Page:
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How a 3D-printed boat race united a Red Hook community

Engadget Engadget 28/09/2016 Cherlynn Low

© Provided by Engadget

Last Sunday, nearly 500 people gathered at Valentino Pier in Red Hook, Brooklyn, to cheer on close to 20 radio-controlled boats as they sped towards a target 150 feet away. The boat races were part of the second annual Red Hook Regatta, which was born last year as a means to highlight the area's history as a freight port, as well as the work of local youth. The competing vessels were either handmade or 3D printed, and were created to showcase the expertise of Red Hook's so-called Digital Stewards.

The Digital Stewards fellowship is part of the Red Hook Initiative, which is a nonprofit that was founded in 2002. The yearlong program gives local youth free training in technology, digital media and skills such as 3D modeling, web development and WiFi architecture. It also includes a paid three-month internship. In the fellowship's last two generations, the Stewards have been learning how to create 3D models and design boat hulls that had to be watertight.

After completing their masterpieces, two of the fellows, Laurenzo Reed and Jesus Benitez, felt that there needed to be a celebration at the end of the program to showcase what the Stewards had been doing, especially around 3D printing. Event organizer David Sheinkopf thought it was a good idea. He said he had wanted to do a 3D printed boat race for awhile, because he thought "everyone would love it," and that it is a good opportunity for education about and exposure to tech.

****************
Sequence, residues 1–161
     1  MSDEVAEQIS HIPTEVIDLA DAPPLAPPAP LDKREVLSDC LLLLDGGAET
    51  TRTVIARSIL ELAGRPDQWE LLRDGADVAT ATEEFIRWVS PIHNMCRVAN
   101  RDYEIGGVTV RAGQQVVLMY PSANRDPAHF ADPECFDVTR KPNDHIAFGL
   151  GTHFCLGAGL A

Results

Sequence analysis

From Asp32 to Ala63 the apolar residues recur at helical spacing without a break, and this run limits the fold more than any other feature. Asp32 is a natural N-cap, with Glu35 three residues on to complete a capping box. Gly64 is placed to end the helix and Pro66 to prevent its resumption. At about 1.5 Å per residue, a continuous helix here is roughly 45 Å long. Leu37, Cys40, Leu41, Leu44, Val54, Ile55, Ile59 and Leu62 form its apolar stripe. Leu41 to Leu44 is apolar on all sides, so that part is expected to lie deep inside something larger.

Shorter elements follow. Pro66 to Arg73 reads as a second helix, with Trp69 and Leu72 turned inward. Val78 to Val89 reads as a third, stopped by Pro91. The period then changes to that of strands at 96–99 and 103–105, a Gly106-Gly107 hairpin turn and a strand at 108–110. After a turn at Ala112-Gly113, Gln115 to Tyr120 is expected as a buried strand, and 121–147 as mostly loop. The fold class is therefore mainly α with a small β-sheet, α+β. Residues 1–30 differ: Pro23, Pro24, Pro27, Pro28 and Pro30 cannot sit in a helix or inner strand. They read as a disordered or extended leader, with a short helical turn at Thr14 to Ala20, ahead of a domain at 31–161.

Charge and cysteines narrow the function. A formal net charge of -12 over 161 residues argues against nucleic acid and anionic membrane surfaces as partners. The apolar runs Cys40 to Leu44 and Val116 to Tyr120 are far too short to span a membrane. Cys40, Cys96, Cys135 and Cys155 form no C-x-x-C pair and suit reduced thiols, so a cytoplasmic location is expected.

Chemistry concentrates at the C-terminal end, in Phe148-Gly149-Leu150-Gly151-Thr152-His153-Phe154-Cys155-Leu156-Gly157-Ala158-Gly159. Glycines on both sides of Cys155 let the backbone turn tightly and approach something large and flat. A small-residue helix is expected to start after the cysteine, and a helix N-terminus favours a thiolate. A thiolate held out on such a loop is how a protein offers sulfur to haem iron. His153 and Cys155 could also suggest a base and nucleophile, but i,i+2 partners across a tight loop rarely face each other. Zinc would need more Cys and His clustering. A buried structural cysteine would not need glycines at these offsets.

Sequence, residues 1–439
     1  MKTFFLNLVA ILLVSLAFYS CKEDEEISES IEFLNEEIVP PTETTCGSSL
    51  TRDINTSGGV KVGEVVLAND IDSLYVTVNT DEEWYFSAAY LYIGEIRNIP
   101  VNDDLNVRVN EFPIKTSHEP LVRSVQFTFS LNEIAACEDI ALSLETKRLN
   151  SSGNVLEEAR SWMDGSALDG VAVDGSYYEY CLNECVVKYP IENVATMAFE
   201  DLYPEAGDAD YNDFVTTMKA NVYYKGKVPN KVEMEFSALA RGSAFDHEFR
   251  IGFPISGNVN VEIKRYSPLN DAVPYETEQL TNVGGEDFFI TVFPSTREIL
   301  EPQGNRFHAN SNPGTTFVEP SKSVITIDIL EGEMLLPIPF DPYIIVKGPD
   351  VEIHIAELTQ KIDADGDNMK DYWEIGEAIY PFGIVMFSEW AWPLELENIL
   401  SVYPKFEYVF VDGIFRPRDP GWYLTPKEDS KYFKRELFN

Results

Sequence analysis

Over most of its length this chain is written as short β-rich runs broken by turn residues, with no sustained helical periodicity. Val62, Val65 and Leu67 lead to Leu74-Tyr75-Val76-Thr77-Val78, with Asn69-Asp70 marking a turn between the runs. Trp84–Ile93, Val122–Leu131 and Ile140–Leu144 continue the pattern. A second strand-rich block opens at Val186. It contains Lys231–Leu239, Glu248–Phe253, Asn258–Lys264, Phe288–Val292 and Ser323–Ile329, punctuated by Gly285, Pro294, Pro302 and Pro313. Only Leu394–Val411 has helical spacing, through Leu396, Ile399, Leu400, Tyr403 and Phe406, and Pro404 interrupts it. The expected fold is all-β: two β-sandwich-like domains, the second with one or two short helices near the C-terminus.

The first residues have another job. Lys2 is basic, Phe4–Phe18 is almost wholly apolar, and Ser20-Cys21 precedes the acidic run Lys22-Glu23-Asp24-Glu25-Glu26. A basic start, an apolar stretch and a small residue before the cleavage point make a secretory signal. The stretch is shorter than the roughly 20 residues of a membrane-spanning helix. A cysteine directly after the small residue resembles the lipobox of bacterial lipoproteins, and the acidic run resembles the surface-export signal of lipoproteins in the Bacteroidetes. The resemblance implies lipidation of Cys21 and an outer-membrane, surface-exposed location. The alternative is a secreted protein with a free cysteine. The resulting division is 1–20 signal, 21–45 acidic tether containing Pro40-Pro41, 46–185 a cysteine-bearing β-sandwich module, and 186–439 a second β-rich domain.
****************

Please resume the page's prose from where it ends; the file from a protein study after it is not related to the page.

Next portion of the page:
Sheinkopf co-directs the education and tech integration arm of Red Hook-based nonprofit foundation Pioneer Works. He's been working with the Digital Stewards three years now, and recently received a grant for the organization to integrate civic journalism in their programs. That led him to research the area's history and talk to older members of the community. He learned that about 10,000 people lost cargo-related jobs in the 1950s, when the local shipping industry made the move to container stations,. And so, to tie the historical relevance to the modern technology that the community's youth were learning in the fellowship, the 3D printed boat race was born.

This year, three main events anchored the Regatta's program: a first-ever homemade (non-3D-printed) boat race, a halftime show and a 3D-printed boat race. Each vessel had to fit within a 2 foot by 2 foot by 2 foot box, and was equipped with a motor and rudder. About 14 teams competed in the 3D printed category, compared to just four for the DIY, and each team consisted of a captain and a stevedore (a cargo loader). The captain was in charge of steering the boat towards two magnet-equipped fishing hooks at stations about 150 feet out in the water, while the stevedore's duty was to load the boat with foam bricks. These had metal attachments on them so they could be easily picked up by the hooks.

One of the competing vessels heading back to shore after offloading its cargo.

The goal of the race was to send your vessel, loaded with one foam brick at a time, to one of the hooks. You'd score a point if your boat delivered a brick to the nearer checkpoint, and two points if your cargo got picked up at the station farther out. Then, you'd have to steer your boat back to the coast to get another brick and head back out to the hooks. The team that scored the most points within 15 minutes won the race.